What’s Considered Separate Property in a Washington Divorce?

In Washington State (and not all states are the same), separate property is recognized and taken into account in divorce proceedings. Separate property is exactly what it sounds like: the separate assets owned by each spouse before marriage.

Separate property also includes gifts and inheritances even if they are received during the marriage.

Here’s an important point about getting separated from your spouse that most people don’t know when they enter a divorce: in Washington, any assets, or money earned
after the date of separation is also considered separate. So, it’s always a good idea to open a new bank account when you separate. That way the money you earn after separation does not get co-mingled with community money. If it does, it can be difficult and expensive to trace.

Separate property is treated differently than community property (the property held jointly in your marital estate). So if you’re thinking about getting a divorce, one of your first jobs will be to identify which assets were owned before your marriage as well as any gifts or inheritances either of you may have received during the marriage.

Most of the time, separate assets will not usually be divided in the divorce. However, in long term marriages, those that have lasted over twenty years or so, the courts often will take into consideration the existence of separate property when dividing assets in a fair and equitable manner.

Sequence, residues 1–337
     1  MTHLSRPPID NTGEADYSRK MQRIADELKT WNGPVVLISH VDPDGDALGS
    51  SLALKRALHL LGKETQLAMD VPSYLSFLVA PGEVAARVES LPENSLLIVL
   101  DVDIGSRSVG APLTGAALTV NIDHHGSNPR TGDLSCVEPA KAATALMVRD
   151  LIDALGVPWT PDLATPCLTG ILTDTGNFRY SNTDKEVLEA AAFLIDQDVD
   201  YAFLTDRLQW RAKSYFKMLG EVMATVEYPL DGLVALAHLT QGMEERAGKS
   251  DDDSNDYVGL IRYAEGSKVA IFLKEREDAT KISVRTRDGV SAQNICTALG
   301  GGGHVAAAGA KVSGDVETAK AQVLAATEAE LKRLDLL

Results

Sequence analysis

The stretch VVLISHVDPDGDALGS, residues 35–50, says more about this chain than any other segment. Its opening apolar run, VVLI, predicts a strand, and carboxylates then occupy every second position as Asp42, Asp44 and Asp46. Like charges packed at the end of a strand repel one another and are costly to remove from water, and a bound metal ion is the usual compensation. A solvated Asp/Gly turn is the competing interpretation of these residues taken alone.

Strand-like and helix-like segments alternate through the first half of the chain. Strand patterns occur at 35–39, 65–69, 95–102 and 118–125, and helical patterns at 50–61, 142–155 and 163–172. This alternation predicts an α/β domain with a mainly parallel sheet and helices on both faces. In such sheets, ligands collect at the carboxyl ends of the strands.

Sometimes people mix their separate and community assets while they’re married. This is called co-mingling. Keeping track of what you had when you got married may help you to untangle your commingled assets in the event of a divorce. Often, once the assets are co-mingled, it is too late to make a separate property claim because the assets can’t be traced. When this issue arises, it is best to hire a lawyer and ask them to help you contact a forensic accountant to trace this money. In order to do this, you need good proof of the existence of the money, whether it was pre-marital or an inheritance or a gift.

Now you can see why it would have been a good idea to take the necessary steps to protect the assets you brought into the marriage. But here you are now, and you either did or didn’t protect yourself.

If you have a pre-nuptial agreement, you may want to consult a lawyer to see if it is enforceable. Often pre-nups are not properly drafted and can be set aside. Also, it’s a good idea to have your pre-nup reviewed by a lawyer if you feel it was not fair in the first place, or is no longer fair given the circumstances that arose during your marriage.

If you are in a situation where one party had separate property and did not keep it separate, you may also want to consult a lawyer to see if it can be traced. Keep in mind, even if you paid the mortgage on your spouse’s separate property, it may still keep its character as separate property.

The issue of separate property can be confusing, but since the stakes can be high, so you may want to consult a lawyer to discuss this issue.

Partner Amanda DuBois has a deep understanding of separate property issues and agreements. Feel free to call the DuBois Cary Law Group if you would like to schedule a consultation. (206) 547-1486.

Local Seattle Divorce Attorneys